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Regio I - Insula IV - Domus di Giove e Ganimede (I,IV,2)

To the north-east of the Forum the Insula of the Paintings was erected in the Hadrianic period. This block consisted of a domus, the House of Jove and Ganymede (I,IV,2), and two medianum-apartments, the House of the Infant Bacchus (I,IV,3) and the House of the Paintings (I,IV,4). The houses are arranged in an L-shape around a garden. To the east of the garden is a row of shops (I,IV,1). The domus will be described here. The block was excavated partly by Rodolfo Lanciani in 1878 and shortly after the First World War by Guido Calza.

The main entrance was on the west side (vestibule 28). There was a secondary entrance from the south, from Via di Diana (vestibule 37). The rooms are arranged around a corridor (29-30) and an open courtyard (26). From the courtyard the garden could be accessed. At the level of the first floor the courtyard was surrounded by windows. The courtyard is flanked by two main, representative rooms (25 and 27). Both are two stories high (ground floor and first floor; c. 6 metres). Room 27 is the largest room in the building: 6.75 x 8.75 metres. Most of the first floor belonged to the domus, and could be reached along a wooden staircase in room 41. An external staircase with travertine steps (38) led to the other stories. Room 36, on the corner of Via di Diana and Via dei Dipinti, was a shop. There was another small shop on Via di Diana (39).



Plan of the houses in the block, Hadrianic phase.
Ground floor (top) and first floor (bottom).
North is to the left. DeLaine 1995, fig. 5,2.

In the 180's modifications took place. The door in the back of vestibule 37 was blocked. Shop 36 could no longer be accessed from the domus. At the east end of corridor 29-30 a new, small room was created (31). Rooms 40 and 41 became independent shops. In the north part of 41 an internal staircase was built (32). A wide passage in the south wall of courtyard 26 was blocked, as were the windows in the courtyard at the level of the first floor. The door between rooms 24 and 25 was blocked; room 24 was from now on only accessible through a new doorway in vestibule 28.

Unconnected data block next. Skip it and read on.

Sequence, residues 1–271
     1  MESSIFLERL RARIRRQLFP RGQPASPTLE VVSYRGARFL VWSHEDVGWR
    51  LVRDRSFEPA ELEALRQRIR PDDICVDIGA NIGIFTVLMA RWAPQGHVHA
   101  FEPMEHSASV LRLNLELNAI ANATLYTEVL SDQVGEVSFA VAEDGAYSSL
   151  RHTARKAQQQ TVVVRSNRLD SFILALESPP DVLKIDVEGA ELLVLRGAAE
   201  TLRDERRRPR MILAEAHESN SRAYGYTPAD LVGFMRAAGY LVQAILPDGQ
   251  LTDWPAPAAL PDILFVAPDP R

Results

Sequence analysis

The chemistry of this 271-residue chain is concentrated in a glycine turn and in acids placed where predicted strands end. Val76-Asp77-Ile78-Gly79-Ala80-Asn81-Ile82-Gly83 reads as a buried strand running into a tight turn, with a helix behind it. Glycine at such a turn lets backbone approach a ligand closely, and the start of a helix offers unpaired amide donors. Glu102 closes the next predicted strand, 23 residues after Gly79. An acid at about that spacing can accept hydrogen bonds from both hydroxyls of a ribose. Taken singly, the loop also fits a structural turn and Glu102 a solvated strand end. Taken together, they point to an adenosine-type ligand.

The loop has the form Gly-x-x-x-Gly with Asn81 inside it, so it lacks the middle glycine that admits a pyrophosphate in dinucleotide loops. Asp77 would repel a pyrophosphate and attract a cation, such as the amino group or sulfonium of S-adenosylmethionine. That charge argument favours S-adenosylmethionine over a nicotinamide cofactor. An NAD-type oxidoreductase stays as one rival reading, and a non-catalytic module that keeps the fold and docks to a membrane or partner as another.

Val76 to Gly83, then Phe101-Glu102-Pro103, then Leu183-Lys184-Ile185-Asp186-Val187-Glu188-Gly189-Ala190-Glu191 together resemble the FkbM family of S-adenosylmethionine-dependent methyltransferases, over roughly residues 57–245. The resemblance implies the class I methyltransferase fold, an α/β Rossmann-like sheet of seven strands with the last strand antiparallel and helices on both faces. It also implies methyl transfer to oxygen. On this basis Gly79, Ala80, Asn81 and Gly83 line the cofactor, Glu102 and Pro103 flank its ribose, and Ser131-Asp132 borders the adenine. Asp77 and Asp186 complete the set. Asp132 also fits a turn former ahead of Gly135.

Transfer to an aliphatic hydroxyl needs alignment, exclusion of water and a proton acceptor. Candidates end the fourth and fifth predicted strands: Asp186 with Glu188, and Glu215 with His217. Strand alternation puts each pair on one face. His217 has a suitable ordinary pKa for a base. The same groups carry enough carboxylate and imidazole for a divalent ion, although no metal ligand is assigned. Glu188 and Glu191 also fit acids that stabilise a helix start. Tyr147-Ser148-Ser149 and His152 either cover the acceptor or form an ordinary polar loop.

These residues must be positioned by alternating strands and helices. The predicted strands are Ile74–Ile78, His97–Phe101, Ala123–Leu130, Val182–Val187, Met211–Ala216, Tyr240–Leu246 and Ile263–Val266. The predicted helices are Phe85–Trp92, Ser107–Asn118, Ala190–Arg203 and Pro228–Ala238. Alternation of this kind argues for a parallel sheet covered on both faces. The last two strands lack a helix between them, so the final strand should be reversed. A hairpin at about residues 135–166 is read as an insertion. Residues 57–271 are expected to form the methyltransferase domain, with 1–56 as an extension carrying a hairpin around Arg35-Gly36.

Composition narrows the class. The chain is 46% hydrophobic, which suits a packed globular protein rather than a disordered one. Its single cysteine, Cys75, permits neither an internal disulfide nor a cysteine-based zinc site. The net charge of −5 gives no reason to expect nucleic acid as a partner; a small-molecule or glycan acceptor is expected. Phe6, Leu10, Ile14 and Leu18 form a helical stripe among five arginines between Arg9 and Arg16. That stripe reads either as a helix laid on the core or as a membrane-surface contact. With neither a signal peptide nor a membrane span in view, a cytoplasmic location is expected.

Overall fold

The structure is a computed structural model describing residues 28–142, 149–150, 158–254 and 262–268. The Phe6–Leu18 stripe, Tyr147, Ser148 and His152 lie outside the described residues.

In this period the building was decorated with high-quality paintings. On the paintings a graffito was found which mentions the month Commodus: VII Kal Commodas. Commodus had introduced a month called Commodus (August or perhaps September). After his death the original name was restored. Therefore the paintings cannot have been applied later than 192 AD. Unfortunately much paint that had been applied dry instead of 'al fresco' has disappeared. In room 27 are depictions of Dionysus, Flora, Venus rising from the sea, philosophers, poets, and maenads. The central picture on the rear wall shows Jove and Ganymede, to the left of which are Leda and the swan. The figures seem to float in front of the panels that are meant to frame them. In corridor 29-30 and in room 33 are aediculae on a red and yellow background. Sometimes tiny landscapes were painted in the aediculae. On the floors of the main rooms are geometric black-and-white mosaics, belonging to the first, Hadrianic phase.

In the Severan period a dividing wall was erected in the garden, presumably to block the Caseggiato dei Dolii (I,IV,5) from sight: this became a commercial establishment in this period. Against the south side of the dividing wall a pseudo-aedicula was set, a small shrine with a marble statue of Jupiter (found in situ), with sceptre and eagle. In the niche two eagles, referring to Jupiter, were painted on a purple background. The lower part of the niche was closed off by some sort of door.